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Weaning calves is similar to freshman year of college. It's tough to be starting a new adventure alone but it's a rite of passage. Read more in our editioral by our special sections editor, Courtney Love.

Finding the right set of calves in the fall is a challenge for stockers and feedyards, and prepared producers can expect better profits.

Paul Dykstra, a beef specialist for Certified Angus Beef, encourages cow-calf producers to take the time to prepare their calves before sending them to auction.

He said preconditioned calves are less likely to become ill in a feedlot. In the last 20 years, feed yards have seen an increase in deaths and sickness in their pens related to the purchasing of unconditioned calves. Precondition calves, who are weaned at 45 days or more, castrated and vaccinated compete better at the feed bunk.

This also gives cow-calf producers the ability to sell their preconditioned feeder calves at a premium. As the buyer, feed yards will also see an increase in their profits when they sell those feeder calves a 1,000 pounds later.

“They are less excited about feeding freshly weaned calves then they have ever been,” Dykstra said during the company’s Feeding Quality Forum on Aug. 26. “A weaned calf that’s ready to be on feed is a perfect product.”

Paul Beck, an associate professor of animal science at Oklahoma Cooperative Extension Service, advises the use of fence-line weaning over abruptly weaning calves.

Beck spoke on Aug. 26 during the Noble Research Institute’s three-day webinar series on preconditioning calves.

Cows and calves become stressed when contact is severed. Calves will go off feed and vocalize for almost a week or more, Beck says, and this can damage their respiratory tract.

Fence-line weaning has the “most potential,” he said. Cows and calves can keep a distance, yet have nose to nose contact, which eases the separation anxiety. Research shows that calves will exhibit some distress through pacing the fence and will cry for about three days. And it does require additional labor, as “those calves will find any weak line in your fences,” Beck said.

Producers can also use a nursing prevention tool, a nose flap, which limits a calf’s suckling behavior on their mother. The nose flap decreases the calf’s playing and ruminating activities. Over time, they will use their energy to consume grain or, if out on pasture, grass.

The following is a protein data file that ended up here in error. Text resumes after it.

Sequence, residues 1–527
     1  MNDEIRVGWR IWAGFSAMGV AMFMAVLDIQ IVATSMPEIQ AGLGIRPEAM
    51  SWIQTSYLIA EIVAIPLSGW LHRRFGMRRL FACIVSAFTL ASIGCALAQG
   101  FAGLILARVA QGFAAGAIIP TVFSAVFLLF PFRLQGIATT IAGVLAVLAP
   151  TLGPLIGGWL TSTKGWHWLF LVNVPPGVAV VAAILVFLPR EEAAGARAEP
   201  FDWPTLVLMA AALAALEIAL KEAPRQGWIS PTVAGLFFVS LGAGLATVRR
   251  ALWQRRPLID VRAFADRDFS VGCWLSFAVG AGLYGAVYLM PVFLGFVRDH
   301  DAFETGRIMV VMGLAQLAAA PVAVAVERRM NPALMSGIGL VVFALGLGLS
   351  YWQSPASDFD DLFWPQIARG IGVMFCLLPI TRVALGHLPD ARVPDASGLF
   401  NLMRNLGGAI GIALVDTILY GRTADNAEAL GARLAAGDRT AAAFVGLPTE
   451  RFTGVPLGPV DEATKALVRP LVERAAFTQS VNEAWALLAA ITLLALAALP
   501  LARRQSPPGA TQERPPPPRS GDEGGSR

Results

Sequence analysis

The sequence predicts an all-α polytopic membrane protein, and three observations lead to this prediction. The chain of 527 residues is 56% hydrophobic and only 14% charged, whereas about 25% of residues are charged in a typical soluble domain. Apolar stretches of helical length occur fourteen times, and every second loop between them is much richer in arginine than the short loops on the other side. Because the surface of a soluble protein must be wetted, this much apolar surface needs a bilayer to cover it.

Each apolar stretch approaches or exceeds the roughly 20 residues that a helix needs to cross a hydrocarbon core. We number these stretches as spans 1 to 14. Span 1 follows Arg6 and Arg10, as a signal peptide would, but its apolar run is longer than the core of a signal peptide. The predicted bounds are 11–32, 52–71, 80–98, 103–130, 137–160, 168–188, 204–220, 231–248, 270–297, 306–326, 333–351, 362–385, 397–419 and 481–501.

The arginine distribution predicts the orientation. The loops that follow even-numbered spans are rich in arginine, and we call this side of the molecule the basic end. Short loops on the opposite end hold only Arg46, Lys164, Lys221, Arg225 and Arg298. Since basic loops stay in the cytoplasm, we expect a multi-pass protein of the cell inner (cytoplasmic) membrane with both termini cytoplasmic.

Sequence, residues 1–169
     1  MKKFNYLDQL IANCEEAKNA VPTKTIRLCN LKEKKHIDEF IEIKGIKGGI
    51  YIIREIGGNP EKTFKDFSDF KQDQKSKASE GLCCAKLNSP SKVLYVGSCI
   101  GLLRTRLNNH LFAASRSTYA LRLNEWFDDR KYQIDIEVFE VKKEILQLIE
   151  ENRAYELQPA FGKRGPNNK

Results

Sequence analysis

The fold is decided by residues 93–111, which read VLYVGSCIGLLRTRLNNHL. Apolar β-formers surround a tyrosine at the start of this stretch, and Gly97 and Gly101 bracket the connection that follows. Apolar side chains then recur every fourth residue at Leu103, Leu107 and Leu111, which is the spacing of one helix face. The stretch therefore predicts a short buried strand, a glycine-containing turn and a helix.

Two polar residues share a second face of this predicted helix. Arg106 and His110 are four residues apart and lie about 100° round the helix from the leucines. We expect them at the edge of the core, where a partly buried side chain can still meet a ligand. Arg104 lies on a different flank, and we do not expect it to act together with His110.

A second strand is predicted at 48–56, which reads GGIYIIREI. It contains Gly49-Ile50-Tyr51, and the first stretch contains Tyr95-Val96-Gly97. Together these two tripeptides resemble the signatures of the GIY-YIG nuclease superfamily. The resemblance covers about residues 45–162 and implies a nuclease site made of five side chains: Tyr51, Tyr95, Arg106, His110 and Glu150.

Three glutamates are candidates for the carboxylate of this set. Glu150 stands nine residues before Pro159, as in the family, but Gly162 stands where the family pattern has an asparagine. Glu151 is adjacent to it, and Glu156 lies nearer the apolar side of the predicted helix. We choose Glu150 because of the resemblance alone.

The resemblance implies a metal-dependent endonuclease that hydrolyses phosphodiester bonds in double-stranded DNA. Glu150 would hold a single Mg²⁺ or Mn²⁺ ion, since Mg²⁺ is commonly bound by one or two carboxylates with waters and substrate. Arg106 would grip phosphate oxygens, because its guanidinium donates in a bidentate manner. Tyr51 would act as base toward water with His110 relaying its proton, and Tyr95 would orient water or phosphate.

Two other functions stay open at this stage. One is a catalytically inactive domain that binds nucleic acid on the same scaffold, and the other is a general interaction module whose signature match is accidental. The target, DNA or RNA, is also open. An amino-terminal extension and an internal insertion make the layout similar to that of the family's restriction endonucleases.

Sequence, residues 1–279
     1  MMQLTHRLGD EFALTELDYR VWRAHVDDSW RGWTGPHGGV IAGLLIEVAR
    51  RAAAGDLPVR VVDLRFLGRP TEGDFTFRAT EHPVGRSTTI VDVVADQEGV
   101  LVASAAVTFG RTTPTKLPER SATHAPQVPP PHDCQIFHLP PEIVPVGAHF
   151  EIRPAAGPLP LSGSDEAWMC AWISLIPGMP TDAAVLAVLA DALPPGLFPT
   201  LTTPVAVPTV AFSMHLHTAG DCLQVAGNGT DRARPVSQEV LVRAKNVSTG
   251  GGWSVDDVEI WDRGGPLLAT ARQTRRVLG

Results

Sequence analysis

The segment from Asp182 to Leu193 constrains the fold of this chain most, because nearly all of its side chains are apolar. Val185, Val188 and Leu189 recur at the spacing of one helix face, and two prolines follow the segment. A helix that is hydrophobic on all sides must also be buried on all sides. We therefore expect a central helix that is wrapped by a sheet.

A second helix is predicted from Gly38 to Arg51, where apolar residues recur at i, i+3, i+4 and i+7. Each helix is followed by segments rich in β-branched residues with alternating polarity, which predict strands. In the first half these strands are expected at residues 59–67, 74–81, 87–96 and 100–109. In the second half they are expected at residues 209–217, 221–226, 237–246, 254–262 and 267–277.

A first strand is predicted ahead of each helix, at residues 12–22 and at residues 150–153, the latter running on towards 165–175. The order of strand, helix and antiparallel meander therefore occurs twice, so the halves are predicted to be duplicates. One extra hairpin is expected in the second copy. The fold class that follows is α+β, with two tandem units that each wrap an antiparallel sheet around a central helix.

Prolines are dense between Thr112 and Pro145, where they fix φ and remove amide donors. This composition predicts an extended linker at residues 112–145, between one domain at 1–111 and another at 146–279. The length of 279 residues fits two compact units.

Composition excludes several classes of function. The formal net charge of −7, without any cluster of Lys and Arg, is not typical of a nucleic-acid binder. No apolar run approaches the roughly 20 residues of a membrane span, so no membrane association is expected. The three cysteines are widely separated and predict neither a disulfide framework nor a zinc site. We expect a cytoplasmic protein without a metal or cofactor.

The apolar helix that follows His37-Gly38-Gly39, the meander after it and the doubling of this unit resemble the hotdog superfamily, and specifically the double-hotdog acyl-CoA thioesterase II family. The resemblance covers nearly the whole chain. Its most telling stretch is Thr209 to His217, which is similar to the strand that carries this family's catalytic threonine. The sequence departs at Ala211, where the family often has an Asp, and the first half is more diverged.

The only benefit for cows and their calves is that they can remain physical, and Beck said this can be counterproductive as calves take longer to wean off milk, which reduces their average daily gain.

Vacciations are another vital part of the package when selling weaned calves.While in the marketing channel, calves become stressed and are susceptible to respiratory disease.

Bovine Respiratory Disease costs the U.S. beef industry $1 billion every year, Beck said, and researchers have also found that calves that have recovered from BRD have an 84% decrease in their carcass value.

To prevent illness, producers should immunize their calves at 4 months for clostridial, BRD and mannheimia haemolytica, along with internal and external parasite control. Calves should receive boosters of of those vaccines four weeks before being shipped off the farm.

“When we add stress on top of stress on these auction market calves, that is when we see the train wrecks, and preconditioned cattle are able to withstand those,” Beck said.

Since 2006, most of the cattle coming to meat processors have an improved carcass quality; 83% of the cattle harvested have graded choice or prime, Dykstra said. Certified Angus Beef has also seen a growth in eligible cattle meeting their 10 quality standards, such as 10- to 16-square-inch ribeye area, 1,050-pound hot carcass weight, and free of capillary rupture.

These increases on the brand’s grid have been improved by the producers offering preconditioned calves to feed yards and packers.

“The box beef cutout has favored Certified Angus Beef over choice by more of a margin than we’ve seen it in the last handful of years,” he said.

By delivering preconditioned calves, cow-calf producers be able to receive an additional value of a $15 per hundredweight premium for the sale of those calves.

March and April is the best time to sell 550-pound calves, versus in October. Feed yards move most of their cattle into processing plants in April and May. They also move a quantity of cattle from mid-November to December for the holiday market.

With 43% of cow-calf operations selling their calves through an auction barn, Dykstra says these producers are missing out on an opportunity to receive more of a premium for their calves. He advised that producers network with stockers and feed yards and provide them with a “resume” of their calves. Including information on genetics, Beef Quality Assurance certification and feeding history, which all give their calves an advantage over those in a sale barn.

“Show that buyer — ‘Hey, the bulls we purchase fall into the top percentile of its breed for this or that trait’ — to help them digest and suggest why they should bid one more time,” Dykstra said.

Lancaster Farming

Special Sections Editor

Courtney Love is Special Sections Editor at Lancaster Farming. She can be reached at 717-721-4426 or clove@lancasterfarming.com

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